TZU – ‘Computer Love’

July 5, 2008 § 1 Comment

Published: The Vine, July 3, 2008.

Computer Love

TZU
Computer Love
(Liberation/Warner)

Following their 2005 funk-pop-rock exploration Smiling at Strangers, one got the feeling that TZU could have gone one of two directions with third long-player Computer Love. Put simply, Smiling at Strangers had become a point of fissure for both fans and critics.

On the one hand, the Magoo-produced record had all the hallmarks of an archetypal Triple J crossover. It had the poppy hooks, the flashes of overt, easily sellable anti-Howardism, the somehow validating presence of live instruments, funked-up guitar licks and sung vocals. On the other, it seemed to all but discard their hip-hop roots, and as such, the vast talents of their two in-house producers, Yeroc and Paso Bionic. Gone were the popping beats and meticulous cuts of 2003’s Position Correction; gone was the well considered rhyme-politic. It wasn’t that TZU were diversifying – it was that they weren’t playing to their strengths.

Luckily, Computer Love sets things straight, and as the title none-so-subtly alludes, it does so largely via the emblematic hip-hop tools of trade – the sampler, the drum machine and two mics. From the swirling strings and airtight, hand-percussion accented beat of popped-up opener ‘We Got the Feeling’ to the synthed-out funk of title-track and lead single ‘Computer Love’, TZU have well and truly reconnected with their beat-based foundation. The searing, soul-fried shuffle of ‘Take it Easy’ – featuring tearing vocal contribution from the inimitable Renee Geyer – is on of the quartet’s tightest to date. The shuddering Dilla-esque beat of ‘Number One’ and the positively out-of-hand electronics of ‘Axis Tilt’ – replete with razor-sharp verses from MCs Joelistics and Count Bounce – make for further highlights.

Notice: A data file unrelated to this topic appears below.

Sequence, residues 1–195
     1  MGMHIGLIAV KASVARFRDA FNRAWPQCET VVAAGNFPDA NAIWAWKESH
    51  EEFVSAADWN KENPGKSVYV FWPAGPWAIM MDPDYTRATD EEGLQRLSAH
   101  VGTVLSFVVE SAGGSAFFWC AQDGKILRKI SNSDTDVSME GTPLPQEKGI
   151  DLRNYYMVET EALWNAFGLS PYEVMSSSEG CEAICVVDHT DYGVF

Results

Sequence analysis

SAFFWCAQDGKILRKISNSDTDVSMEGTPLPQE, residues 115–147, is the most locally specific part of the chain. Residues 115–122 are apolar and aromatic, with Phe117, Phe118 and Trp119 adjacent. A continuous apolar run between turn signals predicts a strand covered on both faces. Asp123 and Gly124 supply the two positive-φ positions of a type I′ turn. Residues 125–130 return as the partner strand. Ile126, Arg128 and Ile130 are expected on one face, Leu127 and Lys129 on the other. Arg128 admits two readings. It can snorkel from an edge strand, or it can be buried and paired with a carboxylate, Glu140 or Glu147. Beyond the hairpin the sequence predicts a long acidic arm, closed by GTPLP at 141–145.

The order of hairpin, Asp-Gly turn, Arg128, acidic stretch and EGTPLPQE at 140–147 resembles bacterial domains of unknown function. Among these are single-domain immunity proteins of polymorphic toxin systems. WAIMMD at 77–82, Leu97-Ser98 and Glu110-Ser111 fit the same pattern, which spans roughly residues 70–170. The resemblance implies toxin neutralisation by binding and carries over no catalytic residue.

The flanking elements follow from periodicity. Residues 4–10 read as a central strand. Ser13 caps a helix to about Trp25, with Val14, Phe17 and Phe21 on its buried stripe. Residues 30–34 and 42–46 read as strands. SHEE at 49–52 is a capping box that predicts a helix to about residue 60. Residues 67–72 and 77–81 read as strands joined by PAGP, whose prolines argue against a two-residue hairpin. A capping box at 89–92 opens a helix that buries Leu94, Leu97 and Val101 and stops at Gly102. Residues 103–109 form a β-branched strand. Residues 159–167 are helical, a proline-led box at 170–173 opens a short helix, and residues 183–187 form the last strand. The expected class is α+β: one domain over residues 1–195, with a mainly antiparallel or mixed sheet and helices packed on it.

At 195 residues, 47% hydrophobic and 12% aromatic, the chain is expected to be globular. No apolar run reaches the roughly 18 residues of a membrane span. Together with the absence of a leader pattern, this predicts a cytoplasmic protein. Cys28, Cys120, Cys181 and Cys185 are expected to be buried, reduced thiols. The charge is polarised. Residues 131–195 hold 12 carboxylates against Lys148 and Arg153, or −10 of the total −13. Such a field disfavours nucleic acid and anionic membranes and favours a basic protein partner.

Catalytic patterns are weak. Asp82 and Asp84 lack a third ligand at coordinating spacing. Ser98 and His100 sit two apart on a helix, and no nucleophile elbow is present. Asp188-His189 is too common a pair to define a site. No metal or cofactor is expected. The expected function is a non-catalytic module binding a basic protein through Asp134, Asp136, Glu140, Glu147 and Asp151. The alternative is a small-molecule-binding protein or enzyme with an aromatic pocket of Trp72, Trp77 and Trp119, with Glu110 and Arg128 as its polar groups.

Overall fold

But TZU’s hip-hop realignment doesn’t mean they’ve dulled their pop impulses. While Paso and Yeroc are obviously back in on the beats, Computer Love very much carries the Count Bounce production stamp. There’s plenty of live guitars, bass, keys and sung vocals, which translate to ample of rootsy flavours (check ‘Got to Do’, ‘Burning Up’) and future soul (‘Crazy Thinker’). ‘Right of Way‘ and ‘Monday’ are straight up, cartoonish pop songs.

Computer Love still might be a little too much for tough Aussie hip-hop heads, but that was never TZU’s trip. What they’ve managed to do here is reassert their feasibility as a hip-hop act, while not alienating the newly found pop fan-base. And there’s no crime in that.

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